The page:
Vaccinations: 'Misinformation is very dangerous'

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By Ana Lazaro
Vaccinations: 'Misinformation is very dangerous'

Ethan Lindenberger is only 18 years old, but he is already a hardened campaigner.

He managed to get vaccinations, against his mother's wishes. Now he is fighting against the spread of anti-vax movements.

"The message is very simple: the misinformation is very dangerous. And that people misinformed is not bad people. They have just been given bad information and given false information and ideas, and you need to fight that with better information".

He has come to Brussels to take part in the Global vaccination summit.

In Europe, scepticism about vaccination has being growing during in recent years.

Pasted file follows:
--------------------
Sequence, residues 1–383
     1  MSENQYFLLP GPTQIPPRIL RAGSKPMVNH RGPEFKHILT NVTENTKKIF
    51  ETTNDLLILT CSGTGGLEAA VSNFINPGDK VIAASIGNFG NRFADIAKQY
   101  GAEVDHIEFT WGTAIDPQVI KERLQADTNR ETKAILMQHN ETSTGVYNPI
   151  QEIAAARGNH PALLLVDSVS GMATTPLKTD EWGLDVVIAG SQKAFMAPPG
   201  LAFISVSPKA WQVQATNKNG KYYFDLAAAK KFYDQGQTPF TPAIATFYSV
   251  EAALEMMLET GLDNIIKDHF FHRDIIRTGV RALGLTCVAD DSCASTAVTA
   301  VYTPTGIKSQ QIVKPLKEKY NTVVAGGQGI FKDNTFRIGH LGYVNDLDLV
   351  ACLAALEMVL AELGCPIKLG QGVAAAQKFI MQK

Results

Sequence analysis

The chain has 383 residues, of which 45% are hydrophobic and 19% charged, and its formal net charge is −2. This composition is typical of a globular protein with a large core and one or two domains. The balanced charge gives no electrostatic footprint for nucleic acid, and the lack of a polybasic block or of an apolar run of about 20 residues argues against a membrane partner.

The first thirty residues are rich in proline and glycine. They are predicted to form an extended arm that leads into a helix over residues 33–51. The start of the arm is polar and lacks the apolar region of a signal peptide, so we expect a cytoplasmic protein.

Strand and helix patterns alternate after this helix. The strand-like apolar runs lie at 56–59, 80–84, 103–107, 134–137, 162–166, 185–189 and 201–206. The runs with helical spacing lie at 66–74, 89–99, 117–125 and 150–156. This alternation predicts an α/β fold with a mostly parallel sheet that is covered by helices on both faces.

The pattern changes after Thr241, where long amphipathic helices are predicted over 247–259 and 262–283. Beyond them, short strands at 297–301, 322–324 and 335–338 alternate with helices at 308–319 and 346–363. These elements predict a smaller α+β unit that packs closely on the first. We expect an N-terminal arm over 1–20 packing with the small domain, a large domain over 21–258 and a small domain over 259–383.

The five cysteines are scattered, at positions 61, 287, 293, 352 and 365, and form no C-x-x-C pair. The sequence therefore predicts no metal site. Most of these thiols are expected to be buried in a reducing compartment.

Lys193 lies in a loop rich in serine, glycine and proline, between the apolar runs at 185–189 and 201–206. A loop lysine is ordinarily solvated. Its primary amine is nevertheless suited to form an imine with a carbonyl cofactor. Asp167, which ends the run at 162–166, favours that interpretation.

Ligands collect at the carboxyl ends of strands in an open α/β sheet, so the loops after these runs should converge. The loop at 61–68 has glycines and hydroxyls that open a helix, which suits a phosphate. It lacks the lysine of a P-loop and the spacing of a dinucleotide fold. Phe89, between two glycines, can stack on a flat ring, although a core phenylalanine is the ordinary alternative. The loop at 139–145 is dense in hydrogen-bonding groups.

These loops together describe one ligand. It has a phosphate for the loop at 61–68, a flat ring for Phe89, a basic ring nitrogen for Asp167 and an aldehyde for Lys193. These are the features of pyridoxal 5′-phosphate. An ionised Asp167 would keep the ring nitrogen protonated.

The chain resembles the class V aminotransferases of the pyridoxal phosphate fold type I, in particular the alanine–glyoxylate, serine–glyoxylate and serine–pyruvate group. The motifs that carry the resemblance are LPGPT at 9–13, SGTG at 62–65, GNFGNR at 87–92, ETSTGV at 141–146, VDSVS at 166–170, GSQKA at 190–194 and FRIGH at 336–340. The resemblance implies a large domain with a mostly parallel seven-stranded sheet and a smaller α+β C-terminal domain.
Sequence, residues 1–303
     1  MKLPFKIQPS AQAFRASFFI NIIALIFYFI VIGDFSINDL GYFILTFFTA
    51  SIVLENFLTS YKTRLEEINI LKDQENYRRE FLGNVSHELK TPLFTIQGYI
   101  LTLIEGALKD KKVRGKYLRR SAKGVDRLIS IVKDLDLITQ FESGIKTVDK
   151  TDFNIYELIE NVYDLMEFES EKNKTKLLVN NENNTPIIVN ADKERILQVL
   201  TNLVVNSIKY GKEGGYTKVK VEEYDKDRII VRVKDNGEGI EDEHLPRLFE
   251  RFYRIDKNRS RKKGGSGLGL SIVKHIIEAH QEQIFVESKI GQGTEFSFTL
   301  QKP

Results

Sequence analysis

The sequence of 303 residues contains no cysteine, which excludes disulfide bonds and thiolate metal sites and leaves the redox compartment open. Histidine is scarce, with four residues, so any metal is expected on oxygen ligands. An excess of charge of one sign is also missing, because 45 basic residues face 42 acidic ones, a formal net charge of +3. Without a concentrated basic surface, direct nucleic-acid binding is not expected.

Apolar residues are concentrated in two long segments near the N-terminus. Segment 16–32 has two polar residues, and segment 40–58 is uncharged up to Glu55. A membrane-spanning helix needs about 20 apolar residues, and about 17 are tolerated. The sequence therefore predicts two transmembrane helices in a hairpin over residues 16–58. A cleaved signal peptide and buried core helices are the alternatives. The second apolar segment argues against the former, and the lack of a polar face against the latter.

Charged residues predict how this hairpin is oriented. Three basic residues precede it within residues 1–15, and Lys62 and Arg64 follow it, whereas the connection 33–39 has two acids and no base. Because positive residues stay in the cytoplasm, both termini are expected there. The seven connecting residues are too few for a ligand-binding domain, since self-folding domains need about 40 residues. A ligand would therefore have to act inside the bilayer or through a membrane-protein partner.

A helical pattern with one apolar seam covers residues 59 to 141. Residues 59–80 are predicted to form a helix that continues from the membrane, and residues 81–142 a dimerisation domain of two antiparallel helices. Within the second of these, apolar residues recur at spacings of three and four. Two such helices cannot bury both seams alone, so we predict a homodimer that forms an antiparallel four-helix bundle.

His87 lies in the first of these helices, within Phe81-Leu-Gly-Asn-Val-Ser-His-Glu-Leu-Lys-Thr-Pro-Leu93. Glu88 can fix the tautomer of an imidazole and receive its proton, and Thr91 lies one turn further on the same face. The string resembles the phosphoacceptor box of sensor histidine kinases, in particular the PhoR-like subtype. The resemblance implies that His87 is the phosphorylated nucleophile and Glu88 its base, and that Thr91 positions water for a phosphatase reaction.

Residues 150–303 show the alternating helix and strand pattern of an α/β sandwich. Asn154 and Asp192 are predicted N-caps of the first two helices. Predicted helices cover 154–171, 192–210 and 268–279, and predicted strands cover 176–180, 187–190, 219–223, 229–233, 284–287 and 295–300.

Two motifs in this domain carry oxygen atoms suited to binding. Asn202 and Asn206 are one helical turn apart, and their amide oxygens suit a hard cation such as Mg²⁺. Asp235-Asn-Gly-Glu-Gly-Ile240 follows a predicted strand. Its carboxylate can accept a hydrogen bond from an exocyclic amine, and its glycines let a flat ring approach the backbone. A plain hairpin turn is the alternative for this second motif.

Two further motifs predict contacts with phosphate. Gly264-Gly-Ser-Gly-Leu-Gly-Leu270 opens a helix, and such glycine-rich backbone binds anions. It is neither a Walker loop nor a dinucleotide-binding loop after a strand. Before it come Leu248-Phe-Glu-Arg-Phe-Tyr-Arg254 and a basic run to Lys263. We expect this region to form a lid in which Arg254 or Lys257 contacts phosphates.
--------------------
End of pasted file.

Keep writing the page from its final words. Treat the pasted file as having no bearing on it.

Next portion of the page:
In countries like France, 45% of people think that vaccines are not safe. Other countries as Greece and Croatia follow closely.

Social networks have become a major platform for anti-vaccine campaigners.

One way to tackle this consists on highlighting information and burying bad content.

"It means that it still there but it is harder for people to find. Which is something that actually is potentially doable technically by platforms at this stage," says Maud Sacquet, Public Policy Manager, Mozilla.

The idea that vaccines are not safe or could have serious side effects has gained ground and is reversing decades of disease prevention.

The European Union and the Worth Health Organisation work together to defend them.

"Vaccines are very safe. And most of the children vaccines are sort of old-vaccines that have been around for 40 or 50 years, have been vaccinating millions and millions of people across the world and Europe. They have saved millions of lives," Patrick O'Connor from World Health Organisation explains.

It could be urgent, as infectious diseases like measles or rubella are on the rise in many European countries.